Then last year I switched out the ATT 2701 and used a BritePort 8201 modem configured in bridge mode connected to a Cisco RVS4000 VPN router to do what I think you're doing (Homeseer and HSTouch?). The RVS4000 allows local access to WAN addressed servers. This allows me to loop back test my HTTP webpages and use the same URL on my tablets when I'm inside my house or accessing my websites from internet hotspots.

 

Reading from this list, it doesn't look like I'll have a hands-off self repairing network (and yes, dynamic IP addresses change or they wouldn't call them dynamic) until we have a way for our third-party routers to work as they are designed. The NVG510 seems okay for the simple household (mine took 3 factory resets before it started behaving).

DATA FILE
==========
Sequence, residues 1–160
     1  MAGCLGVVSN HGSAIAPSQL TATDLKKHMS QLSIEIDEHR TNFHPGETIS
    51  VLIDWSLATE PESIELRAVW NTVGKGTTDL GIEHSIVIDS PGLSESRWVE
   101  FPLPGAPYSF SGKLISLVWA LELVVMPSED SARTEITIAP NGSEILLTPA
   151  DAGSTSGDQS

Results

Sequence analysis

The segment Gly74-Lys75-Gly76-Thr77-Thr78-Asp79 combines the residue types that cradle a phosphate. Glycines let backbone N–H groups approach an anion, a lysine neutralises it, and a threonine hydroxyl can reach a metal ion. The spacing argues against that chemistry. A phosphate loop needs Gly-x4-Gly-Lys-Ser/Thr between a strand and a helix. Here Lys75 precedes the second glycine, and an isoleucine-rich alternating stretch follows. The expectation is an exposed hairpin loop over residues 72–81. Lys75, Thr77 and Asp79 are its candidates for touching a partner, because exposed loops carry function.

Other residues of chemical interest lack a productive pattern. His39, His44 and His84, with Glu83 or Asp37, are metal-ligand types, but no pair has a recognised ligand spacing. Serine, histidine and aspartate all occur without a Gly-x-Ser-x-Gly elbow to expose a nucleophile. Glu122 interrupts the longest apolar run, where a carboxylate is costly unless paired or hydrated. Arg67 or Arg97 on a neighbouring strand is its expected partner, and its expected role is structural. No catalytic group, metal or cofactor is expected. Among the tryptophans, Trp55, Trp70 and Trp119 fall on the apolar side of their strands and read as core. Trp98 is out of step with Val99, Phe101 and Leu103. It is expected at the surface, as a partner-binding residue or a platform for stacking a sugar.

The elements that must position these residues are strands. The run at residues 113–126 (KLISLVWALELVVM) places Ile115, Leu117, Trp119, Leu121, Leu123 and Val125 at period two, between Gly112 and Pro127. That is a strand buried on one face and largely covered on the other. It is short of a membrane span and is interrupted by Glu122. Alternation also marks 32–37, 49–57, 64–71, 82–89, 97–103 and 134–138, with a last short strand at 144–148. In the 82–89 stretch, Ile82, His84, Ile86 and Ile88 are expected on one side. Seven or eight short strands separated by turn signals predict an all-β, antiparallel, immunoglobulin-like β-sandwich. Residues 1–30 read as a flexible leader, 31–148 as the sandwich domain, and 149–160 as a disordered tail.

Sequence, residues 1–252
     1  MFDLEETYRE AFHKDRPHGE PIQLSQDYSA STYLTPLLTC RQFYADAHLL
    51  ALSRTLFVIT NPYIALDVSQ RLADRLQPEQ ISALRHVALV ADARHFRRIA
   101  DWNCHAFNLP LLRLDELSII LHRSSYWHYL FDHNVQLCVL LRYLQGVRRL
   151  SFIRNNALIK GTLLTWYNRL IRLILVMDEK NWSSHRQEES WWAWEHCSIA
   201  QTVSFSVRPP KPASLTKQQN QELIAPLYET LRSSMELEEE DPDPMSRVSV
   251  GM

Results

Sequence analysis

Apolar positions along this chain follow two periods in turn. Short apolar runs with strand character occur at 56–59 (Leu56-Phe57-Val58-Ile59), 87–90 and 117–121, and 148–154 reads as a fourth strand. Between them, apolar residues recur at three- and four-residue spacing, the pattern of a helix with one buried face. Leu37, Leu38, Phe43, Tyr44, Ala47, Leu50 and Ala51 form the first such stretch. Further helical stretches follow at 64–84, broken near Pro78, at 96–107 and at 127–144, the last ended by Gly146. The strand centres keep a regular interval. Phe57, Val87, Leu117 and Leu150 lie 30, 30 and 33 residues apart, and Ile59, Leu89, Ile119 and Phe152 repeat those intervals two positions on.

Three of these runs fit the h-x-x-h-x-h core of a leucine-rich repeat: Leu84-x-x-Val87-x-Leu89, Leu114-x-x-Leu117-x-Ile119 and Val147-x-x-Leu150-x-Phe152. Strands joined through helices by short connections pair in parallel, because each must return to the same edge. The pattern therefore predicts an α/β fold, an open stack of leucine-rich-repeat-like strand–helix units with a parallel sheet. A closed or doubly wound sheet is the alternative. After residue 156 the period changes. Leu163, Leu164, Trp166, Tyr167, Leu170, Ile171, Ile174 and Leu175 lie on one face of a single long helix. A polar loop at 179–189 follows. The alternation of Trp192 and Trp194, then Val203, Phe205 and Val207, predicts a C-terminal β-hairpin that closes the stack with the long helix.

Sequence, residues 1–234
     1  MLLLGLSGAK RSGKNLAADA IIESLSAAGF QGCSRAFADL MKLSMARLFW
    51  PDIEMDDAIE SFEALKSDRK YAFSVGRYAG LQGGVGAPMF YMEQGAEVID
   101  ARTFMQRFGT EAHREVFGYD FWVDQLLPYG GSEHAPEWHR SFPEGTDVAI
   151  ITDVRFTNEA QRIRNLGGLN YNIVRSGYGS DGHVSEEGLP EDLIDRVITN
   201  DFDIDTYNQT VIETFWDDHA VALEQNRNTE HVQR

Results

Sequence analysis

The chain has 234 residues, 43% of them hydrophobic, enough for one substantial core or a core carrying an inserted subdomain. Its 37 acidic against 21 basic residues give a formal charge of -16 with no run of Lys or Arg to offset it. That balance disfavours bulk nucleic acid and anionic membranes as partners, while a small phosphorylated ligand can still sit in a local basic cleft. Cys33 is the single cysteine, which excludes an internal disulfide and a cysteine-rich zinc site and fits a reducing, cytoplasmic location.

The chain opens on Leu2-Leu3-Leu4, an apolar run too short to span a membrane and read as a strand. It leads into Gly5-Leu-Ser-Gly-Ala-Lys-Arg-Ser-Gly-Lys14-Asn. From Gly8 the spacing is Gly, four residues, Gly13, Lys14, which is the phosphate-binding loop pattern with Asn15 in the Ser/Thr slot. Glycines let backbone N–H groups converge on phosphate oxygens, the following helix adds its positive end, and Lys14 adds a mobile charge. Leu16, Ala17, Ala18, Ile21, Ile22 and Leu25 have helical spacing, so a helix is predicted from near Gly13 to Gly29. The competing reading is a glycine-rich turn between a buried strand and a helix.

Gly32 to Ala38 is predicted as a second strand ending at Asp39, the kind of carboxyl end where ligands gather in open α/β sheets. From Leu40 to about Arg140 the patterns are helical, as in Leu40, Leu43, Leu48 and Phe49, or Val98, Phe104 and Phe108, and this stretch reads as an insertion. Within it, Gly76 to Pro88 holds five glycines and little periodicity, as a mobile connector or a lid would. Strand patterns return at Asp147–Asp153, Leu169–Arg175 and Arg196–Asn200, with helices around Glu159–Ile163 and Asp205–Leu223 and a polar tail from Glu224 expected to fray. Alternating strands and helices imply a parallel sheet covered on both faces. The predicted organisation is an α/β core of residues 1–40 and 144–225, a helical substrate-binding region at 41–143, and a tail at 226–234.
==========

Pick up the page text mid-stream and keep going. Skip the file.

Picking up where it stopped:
Gone are the days when a household family had one computer and one printer attached to the computer. Even my mother-in-law has a computer, laptop, tablet and a network printer. When I described my setup to ATT Tech support they commented that I sound like a business not a household.  

 

lisfolks

Mentor

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40 Messages

9 years ago

mccwam01 wrote:

 

"Reading from this list, it doesn't look like I'll have a hands-off self repairing network (and yes, dynamic IP addresses change or they wouldn't call them dynamic) ..."

 

A self-proclaimed AT&T employee responded earlier in this thread that the IP address won't change unless they swap you to a different port or change something up the line.